I’ve been fascinated with Gov. McAuliffe’s gun “raw deal” with the NRA (negotiated by NRA “A”-rated Brian Moran, NRA “A”-rated and endorsed Bryce Reeves, and the NRA itself, with ZERO input from gun safety groups). For anyone who actually thinks this is a good deal, see the Coalition to Stop Gun Violence (CSGV)’s point-by-point debunking/demolition here. According to CSGV – and contrary to what McAuliffe keeps falsely claiming – the deal does NOT close the gun show loophole; “establishes no mechanism for the removal of these firearms [owned by someone who is the subject of a protective order] by law enforcement,” and actually “extend[s] concealed carry reciprocity to all 49 other states, which would EXCEED the # of states Virginia was granting reciprocity to before Attorney General Herring revoked reciprocity agreements with 25 states that did not meet Virginia’s permitting standards.” In short, this deal is exactly what you’d expect to be negotiated by the NRA itself, plus two guys who have been “A”-rated by that extremist organization.
By the way, just to show how defensive Gov. McAuliffe’s getting these days, given the massive criticism he’s been subject to (including an ad campaign by Everytown for Gun Safety) check out his interview earlier this week with Bruce DePuyt, in which he lashes out against Virginia Tech mom Lori Haas and Andy Parker, whose daughter was murdered while broadcasting live on TV a few months ago, outrageously charging them with doing this for the money (“I know the Everytown folks…Lori Haas…Andy Parker, I mean they’ve been on their payroll”). Incredible.
But the main point I wanted to make here was how strikingly Terry McAuliffe has veered from the messaging of his good friend and political ally Hillary Clinton, who has positioned herself to the LEFT of Bernie Sanders on one issue more than any — getting tough on the gun industry. Yet here McAuliffe is, cutting a (bad) deal with the NRA, which Hillary Clinton has blasted repeatedly, and essentially agreeing with the characterization of deal opponents as extremists. As I said to a Democratic political friend last night, if I were Clinton campaign manager Robby Mook, I would have been on the phone with my former boss (Mook ran McAuliffe’s 2013 governor’s race) reading him the riot act on this one.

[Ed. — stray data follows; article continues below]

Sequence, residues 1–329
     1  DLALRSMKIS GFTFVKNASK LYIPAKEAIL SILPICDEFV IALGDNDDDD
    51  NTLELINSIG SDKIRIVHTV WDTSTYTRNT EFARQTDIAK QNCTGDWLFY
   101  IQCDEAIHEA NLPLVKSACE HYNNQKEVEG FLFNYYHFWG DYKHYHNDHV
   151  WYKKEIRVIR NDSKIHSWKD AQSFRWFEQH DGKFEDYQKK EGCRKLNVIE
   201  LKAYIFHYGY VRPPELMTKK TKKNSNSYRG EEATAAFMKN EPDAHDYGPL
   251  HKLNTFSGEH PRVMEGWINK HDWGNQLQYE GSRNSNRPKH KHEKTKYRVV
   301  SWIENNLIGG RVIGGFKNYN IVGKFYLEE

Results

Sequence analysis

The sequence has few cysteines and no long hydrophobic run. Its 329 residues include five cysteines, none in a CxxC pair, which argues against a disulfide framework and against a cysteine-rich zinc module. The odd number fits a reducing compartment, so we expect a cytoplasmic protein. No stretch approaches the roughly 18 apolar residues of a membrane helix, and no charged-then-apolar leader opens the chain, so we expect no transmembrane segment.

The problem for Clinton is that she needs McAuliffe to help win Virginia, both in the Democratic primary on March 1 and in the general election in November. Yet McAuliffe is busy weakening himself politically by alienating the powerful and well-heeled (particularly with Michael Bloomberg’s almost unlimited financial resources) gun safety community. In addition to weakening McAuliffe’s own political standing among Democrats, this opens up a line of questioning, one which reporters will quite possibly ask Clinton and McAuliffe when they campaign together in Virginia in coming weeks, regarding their apparently glaring differences when it comes to dealing with the NRA and gun issues generally.
Finally, I’d note that McAuliffe’s gun deal with the NRA is hurting Democrats’ prospects for 2017 here in Virginia, for several reasons. For one, anger over this deal potentially deprives the Democratic ticket of millions of dollars in gun safety groups’ money, plus their active support in other ways, assuming they continue to feel alienated, disrespected, etc. by McAuliffe and Company (note that Ralph Northam issued a statement praising the gun deal). In addition, this mess potentially weakens AG Mark Herring, who essentially had his legs cut out from under him in this backroom deal. And it potentially demoralizes the Democratic “base,” whose enthusiasm the 2017 Democratic ticket will need to win in that relatively low-turnout election year.
Bottom line: McAuliffe made a huge mistake, both politically and in terms of good public policy, on this gun deal with the NRA. He needs to back off of it ASAP, for a wide variety of reasons. As for Democrats who have praised the deal, they’re making a big mistake as well, and would be far better served to help McAuliffe climb out of the deep hole he’s dug, rather than join the shoveling brigade.